One hundred and fifty six thousand American, British and Canadian troops sailed to France from England and stormed the beaches of Normandy. They then began a relentless, dogged and bloody drive all the way to Berlin, pushing back the fearsome German military machine and finally bringing an end to the Second World War.
It was no picnic. The 50-mile stretch of coast where the landings took place was heavily fortified by Hitler’s forces, and his soldiers, who had never known defeat, put up staunch resistance.
An element of surprise worked in the Allies’ favour. Hitler believed that an invasion would come along France’s northern coast, but he did not know where. He had put Field Marshal Erwin Rommel in charge of defence operations, including completion of the Atlantic Wall, a 2,400-mile fortification of bunkers, landmines, beach and sea obstacles.
In England, meanwhile, deception was the name of the game – on a massive scale. It included an imaginary army of a million men, supposedly led by America’s General George Patton and headquartered in the UK across from Calais – the shortest distance between England and France.
With the use of double agents, bogus radio transmissions and other means the Germans were made aware of this "army". They were also briefed over other possible invasion sites including Greece, the Adriatic coast of Yugoslavia, the south of France, the Biscay Bay coast of France, through the Low Countries, or via Norway and Denmark. Hitler moved garrisons into all these places.
It was, according to ‘America in WWII’ magazine, “the greatest deceptive enterprise ever seen in a war. Tent cities were created all over eastern England. There were fake mess halls, hospitals, ammo depots, and even sewage treatment farms. Fuel depots were constructed and parks for trucks, tanks, jeeps, and ambulances were laid out.”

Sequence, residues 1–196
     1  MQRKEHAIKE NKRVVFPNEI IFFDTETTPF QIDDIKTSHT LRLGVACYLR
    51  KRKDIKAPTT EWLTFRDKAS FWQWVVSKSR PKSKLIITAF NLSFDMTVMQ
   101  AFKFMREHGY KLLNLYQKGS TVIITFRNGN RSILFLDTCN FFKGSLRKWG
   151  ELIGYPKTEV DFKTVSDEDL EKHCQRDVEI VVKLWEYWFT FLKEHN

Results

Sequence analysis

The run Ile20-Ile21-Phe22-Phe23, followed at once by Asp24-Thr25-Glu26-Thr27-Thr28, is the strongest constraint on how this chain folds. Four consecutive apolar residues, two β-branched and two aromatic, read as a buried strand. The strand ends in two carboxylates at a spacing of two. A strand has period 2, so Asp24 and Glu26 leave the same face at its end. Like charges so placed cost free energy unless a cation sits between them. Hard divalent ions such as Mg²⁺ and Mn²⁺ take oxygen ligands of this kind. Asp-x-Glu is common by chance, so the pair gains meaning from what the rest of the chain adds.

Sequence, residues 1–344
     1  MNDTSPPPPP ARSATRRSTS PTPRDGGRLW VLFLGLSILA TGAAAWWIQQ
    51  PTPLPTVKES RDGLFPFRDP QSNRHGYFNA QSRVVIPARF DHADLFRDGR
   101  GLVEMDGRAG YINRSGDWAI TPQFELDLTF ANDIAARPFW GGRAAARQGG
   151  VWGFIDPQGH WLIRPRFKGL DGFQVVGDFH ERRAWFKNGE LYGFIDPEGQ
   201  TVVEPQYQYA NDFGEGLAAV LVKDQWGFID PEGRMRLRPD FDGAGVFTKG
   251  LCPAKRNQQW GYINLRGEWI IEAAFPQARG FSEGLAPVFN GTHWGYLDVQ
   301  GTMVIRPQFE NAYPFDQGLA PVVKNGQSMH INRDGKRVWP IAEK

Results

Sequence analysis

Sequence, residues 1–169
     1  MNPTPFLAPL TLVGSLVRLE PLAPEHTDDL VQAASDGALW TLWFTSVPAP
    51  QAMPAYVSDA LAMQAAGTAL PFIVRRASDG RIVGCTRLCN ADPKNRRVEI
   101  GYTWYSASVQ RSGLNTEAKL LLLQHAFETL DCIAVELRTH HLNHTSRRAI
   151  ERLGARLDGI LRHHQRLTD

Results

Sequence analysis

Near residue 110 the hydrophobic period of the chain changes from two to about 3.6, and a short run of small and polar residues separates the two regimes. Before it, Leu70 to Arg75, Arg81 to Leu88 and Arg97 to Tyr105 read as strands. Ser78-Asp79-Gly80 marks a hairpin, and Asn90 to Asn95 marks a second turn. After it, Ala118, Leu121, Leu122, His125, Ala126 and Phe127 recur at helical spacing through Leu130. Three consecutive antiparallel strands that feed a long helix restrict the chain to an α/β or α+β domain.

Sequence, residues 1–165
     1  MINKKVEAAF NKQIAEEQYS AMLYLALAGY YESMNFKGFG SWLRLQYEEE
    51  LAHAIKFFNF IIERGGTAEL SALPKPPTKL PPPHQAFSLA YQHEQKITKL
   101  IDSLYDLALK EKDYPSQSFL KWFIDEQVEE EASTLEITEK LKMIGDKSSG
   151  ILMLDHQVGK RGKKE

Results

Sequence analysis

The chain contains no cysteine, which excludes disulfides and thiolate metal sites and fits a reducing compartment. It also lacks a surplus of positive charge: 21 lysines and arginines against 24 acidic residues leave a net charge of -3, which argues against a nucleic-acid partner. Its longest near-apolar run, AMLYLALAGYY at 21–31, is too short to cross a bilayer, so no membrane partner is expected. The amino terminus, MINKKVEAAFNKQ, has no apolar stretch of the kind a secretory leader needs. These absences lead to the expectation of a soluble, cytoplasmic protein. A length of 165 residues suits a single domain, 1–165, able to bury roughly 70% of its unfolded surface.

Like the buildings, the tanks, trucks and other “vehicles” were made of fabric and wood or were rubber inflatables. Soldiers used tools to make tread and tyre marks for the benefit of spying German planes. It was vital to let Luftwaffe reconnaissance planes through to see the mock preparations on the ground, but not let their flights seem suspiciously easy.
On top of all that, the deceptions extended to England’s ports and waterways with the help of the British movie industry, which was called in to make fleets of dummy landing craft. The resulting “vessels”, made of wood or fabric and floating on oil drums, were “moored” in harbours and rivers and looked convincing to German pilots at 33,000 feet.
The subterfuge even extended to “letters” in local newspapers from clergymen complaining about the terrible behaviour of some of the “foreign troops.”
All of this shifted much German attention away from Normandy and so, on June 6, 1944 the Supreme Commander of the Allied Forces, America’s General Dwight D. Eisenhower, gave the order for the invasion to begin.
Even as troops began wading ashore along the Normandy beaches, the fooled Germans still believed that the major assault would come at Calais and that Normandy was a feint. Hitler personally ordered the tanks and infantry of the German 15th Army to stay at Calais. And other reinforcements on the way to Normandy were diverted to the port.
Official figures record that 4,414 Allied troops lost their lives in the D-Day invasion, with another 10,000 wounded or missing. But it enabled the great Allied march across Europe to begin.
By late August all of Northern France, including Paris, had been liberated from German control. Next came Germany itself, where the Allies would meet Soviet troops moving in from the east. The following spring, on May 8, 1945, Nazi Germany offered unconditional surrender. Hitler had committed suicide a week earlier, on April 30.
**What does the ‘D’ in D-Day stand for? In military parlance it simply refers to the “day” on which an offensive would occur. The “D” is just a placeholder for the date and allows the entire operation to be scheduled in detail long before a definite day for the attack has been set. So, if anything, 'D' stands for 'Day' or 'Date.' The phrase was first used during the First World War.
Published: May 7, 2020
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Dictator of Nazi Germany
34th US President & WWII General
Dwight D. Eisenhower
German WWII Field Marshal